Q&A: Why commitment to quality products is a must for foodservice operators
Polly-O
March 16, 2017
Sponsored Content

This post is sponsored by Polly-O.

For today’s consumer, great taste is only part of what they’re looking for when they peruse a restaurant menu. Diners want to know the story behind their food, which means high-quality ingredients from trusted sources are a must-have for foodservice operators.

Hoff
Hoff

Introna
Introna

At Joe Leone’s Italian Specialties and Catering in Point Pleasant Beach, N.J., founder and owner Joe Leone Introna does extensive research into ingredients before putting them on his menu and educates his staff so they can talk to customers about each ingredient they use. One of the ingredients Introna is passionate about is Polly-O mozzarella curd, which he’s been using for 20 years. We interviewed Introna and Polly-O Sales Manager and former restaurant owner Daniel Hoff about how high-quality ingredients can drive culinary innovation and help foodservice operators connect with customers.

Today’s consumer is increasingly food-savvy and concerned with the story behind what they eat, which makes high-quality ingredients a must-have. What are some of the top considerations for operators when deciding to use a premium ingredient and how to source that premium ingredient?

Introna: Our mission statement is all about excellence. Our tradition is built upon quality, service and training. So when we’re sourcing, we do a lot of research. We go to stores, plants and facilities; we look at where the ingredients start from and we train our buyers to look for the best possible quality. When we’re sourcing prosciutto, for instance, we look at what the pigs are eating and how they’re treated. Everything we use, we try to touch it where it’s born. From day one, when the company started 20 years ago, we’ve never sacrificed quality. We will not sell something if it’s not at our standards. It just doesn’t happen.

Hoff: I think that the difference between sourcing today and sourcing 25 years ago is that consumers are much more educated on what “quality” means. From a manufacturing standpoint, there are a lot more options out there. Operators have to be that much more committed to quality products. I think that’s why guys like Joe do well. Using quality ingredients is a formula that will always work.

Operators make a choice to invest in premium ingredients for their recipes.  How do operators share the story of the ingredients they choose with patrons?

Introna: It’s all about education. We try to give our team members the vocabulary they’d use as though they’d made it themselves. We want them to stand behind our ingredients. So we train them. We take our team out to chicken facilities, we set up voluntary cooking nights where they can stay after work and learn how to make our food. Their knowledge shows through when they’re talking about product; they take a lot of pride in talking to our customers about our ingredients.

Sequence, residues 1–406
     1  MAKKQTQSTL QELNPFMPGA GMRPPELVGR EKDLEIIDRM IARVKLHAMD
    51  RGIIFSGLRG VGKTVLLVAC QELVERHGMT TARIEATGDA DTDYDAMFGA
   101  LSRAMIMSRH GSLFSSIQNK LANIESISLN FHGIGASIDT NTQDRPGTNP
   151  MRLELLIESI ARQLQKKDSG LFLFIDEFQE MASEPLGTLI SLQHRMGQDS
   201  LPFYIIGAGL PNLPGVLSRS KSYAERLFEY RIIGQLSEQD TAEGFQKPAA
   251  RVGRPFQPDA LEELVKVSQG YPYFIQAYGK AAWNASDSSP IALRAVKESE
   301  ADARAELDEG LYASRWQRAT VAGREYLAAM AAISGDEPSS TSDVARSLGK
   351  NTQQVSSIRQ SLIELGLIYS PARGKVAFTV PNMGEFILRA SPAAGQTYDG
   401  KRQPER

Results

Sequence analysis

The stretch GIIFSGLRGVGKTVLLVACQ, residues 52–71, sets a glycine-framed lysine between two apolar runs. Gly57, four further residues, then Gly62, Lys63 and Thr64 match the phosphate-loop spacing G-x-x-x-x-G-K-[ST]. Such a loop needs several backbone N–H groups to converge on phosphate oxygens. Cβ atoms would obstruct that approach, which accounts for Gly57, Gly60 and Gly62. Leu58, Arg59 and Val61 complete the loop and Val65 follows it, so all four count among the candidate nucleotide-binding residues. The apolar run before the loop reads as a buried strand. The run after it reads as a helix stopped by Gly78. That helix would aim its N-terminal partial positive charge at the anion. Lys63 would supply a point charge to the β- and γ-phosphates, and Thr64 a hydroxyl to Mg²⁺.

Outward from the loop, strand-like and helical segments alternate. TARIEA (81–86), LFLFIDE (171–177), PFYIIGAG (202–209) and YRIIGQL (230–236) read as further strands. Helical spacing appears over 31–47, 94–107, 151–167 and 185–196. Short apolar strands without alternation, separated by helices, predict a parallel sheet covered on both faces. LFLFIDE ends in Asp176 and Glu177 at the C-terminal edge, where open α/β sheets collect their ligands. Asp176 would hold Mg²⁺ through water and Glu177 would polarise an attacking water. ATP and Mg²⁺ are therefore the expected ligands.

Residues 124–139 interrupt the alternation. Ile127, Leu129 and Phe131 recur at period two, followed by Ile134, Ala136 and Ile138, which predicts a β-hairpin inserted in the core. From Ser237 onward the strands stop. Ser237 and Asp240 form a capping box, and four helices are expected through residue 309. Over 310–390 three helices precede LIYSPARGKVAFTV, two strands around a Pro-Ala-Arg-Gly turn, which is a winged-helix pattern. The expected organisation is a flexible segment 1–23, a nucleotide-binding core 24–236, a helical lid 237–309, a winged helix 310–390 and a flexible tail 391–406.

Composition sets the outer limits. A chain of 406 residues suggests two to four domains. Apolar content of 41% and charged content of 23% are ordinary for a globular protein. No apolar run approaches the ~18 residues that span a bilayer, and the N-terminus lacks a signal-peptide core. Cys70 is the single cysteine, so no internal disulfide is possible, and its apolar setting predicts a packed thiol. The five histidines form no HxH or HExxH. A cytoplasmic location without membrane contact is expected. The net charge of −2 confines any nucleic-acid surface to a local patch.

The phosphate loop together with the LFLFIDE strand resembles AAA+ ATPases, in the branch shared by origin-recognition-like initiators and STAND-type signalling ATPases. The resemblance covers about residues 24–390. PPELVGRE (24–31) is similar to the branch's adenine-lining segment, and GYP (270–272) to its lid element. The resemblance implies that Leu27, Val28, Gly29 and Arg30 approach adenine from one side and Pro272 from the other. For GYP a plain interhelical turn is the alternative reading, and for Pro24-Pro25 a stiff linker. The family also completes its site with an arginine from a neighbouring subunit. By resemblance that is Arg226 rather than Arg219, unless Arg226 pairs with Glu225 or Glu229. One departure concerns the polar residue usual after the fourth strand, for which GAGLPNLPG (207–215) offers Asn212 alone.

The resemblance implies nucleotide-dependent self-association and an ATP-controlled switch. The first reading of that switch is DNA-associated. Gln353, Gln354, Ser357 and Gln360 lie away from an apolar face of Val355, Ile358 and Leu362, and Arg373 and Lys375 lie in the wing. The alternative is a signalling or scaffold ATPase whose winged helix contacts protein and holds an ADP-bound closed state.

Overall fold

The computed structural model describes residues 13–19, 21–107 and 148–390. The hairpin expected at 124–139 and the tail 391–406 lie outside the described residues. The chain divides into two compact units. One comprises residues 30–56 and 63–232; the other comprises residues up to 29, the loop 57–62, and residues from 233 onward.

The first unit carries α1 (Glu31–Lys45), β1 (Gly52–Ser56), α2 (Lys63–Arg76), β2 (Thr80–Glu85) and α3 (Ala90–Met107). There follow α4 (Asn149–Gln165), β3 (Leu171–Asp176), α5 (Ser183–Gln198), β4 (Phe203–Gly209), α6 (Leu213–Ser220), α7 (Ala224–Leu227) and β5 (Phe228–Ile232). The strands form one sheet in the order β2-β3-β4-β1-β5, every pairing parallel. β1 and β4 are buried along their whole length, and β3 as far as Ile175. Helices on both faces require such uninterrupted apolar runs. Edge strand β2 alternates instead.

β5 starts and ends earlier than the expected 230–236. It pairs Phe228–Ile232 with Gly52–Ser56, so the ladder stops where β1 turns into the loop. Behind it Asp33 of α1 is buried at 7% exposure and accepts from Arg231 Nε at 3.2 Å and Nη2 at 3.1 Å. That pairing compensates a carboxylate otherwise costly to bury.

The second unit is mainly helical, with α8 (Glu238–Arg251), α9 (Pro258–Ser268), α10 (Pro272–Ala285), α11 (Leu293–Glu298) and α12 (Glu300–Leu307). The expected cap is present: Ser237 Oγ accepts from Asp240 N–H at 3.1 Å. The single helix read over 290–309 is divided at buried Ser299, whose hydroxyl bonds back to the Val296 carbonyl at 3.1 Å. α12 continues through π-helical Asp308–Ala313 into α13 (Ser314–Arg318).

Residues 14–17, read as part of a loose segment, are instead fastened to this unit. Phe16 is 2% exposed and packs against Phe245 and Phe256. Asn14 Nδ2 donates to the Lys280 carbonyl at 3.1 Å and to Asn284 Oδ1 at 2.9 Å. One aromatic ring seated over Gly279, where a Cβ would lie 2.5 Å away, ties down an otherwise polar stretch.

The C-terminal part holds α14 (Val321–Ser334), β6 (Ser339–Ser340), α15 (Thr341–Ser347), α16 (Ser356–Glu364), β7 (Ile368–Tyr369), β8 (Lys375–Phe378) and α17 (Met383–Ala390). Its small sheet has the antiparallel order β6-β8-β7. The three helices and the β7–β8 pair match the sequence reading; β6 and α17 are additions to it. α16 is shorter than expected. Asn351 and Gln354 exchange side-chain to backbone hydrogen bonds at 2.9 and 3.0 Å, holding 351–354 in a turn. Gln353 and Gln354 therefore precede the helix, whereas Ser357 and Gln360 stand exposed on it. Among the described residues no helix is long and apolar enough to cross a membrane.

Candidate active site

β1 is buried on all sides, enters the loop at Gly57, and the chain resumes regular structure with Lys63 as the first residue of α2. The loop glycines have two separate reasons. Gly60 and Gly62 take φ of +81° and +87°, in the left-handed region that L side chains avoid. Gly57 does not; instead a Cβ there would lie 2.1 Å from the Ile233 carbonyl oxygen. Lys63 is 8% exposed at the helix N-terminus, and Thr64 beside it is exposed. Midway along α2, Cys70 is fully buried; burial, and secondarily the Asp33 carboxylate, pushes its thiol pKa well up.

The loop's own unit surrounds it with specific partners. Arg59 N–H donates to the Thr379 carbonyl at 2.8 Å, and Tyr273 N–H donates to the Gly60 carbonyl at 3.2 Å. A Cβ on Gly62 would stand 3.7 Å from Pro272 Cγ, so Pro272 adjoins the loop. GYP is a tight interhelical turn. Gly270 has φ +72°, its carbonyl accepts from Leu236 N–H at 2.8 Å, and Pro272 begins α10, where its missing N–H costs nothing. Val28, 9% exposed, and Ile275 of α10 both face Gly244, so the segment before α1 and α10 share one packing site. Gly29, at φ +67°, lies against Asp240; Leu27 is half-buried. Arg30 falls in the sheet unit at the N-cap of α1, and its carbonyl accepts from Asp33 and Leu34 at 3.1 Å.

Hoff: You don’t want to go to a restaurant, ask a server what they like and have them shrug their shoulders in response. All of Joe’s team members --  whether they’re working at the counter or register or on the floor -- everybody is welcome to come and own this process. When you have good information and you’re well trained, you can talk about why the mozzarella’s so good.

Introna: It’s important that everyone understands our products. They know why I’m a Polly-O person. I’ve been using their curd since I was 13 years old. I’m very old school. The world changes around us and we don’t change. We stick by our mission, stick by our plan, stick by our values. I’m totally against taking shortcuts. If you come in here, you’re getting the same mozzarella you got 20 years ago.

How can premium ingredients be used to spark culinary innovation?

Introna: Joe Leone’s has deep roots. Being the American Italian I am, I grew up with two grandmothers that would go down to a fresh market every day to pick up ingredients for dinner. We basically take that mom and pop approach of serving what we would eat at home. We try to feed our guests like they’re all family.

Hoff: From the Polly-O perspective, the brand has this old-world story that I think appeals to operators like Joe because there are so many things we still do that we did 70 years ago. There are a lot of new-wave trends happening right now, but these old-world products really appeal to that artisan-style of cooking.

Introna: So I can take the same Polly-O curd that I’ve been using for the last 20 years and use Italian ingredients like Parmesan-Reggiano and mascarpone to create a macaroni al forno as a twist on macaroni and cheese. I also surround myself with excellent chefs. I go to Italy twice a year and look for chefs who are making great modernized Italian or home cooking, old-world Italian, and I offer them a trip to New York. They get to do their sightseeing and then they work with our chefs and us for a week as kind of a trade-off. That’s how we keep an edge on what’s going on in Italy.

Joe Leone Introna is the executive chef and co-owner of Joe Leone’s Italian Specialties in Point Pleasant Beach, N.J. The restaurant opened in 1997 as a bakery and Italian specialty retail store and has expanded to include two restaurant locations.

Daniel Hoff is a sales manager for Polly-O. He began working in restaurants at age 12 and became the chef and owner of a full-service Italian eatery when he was 21 before selling the establishment to work in sales. He can be reached by phone at 732-682-8165.

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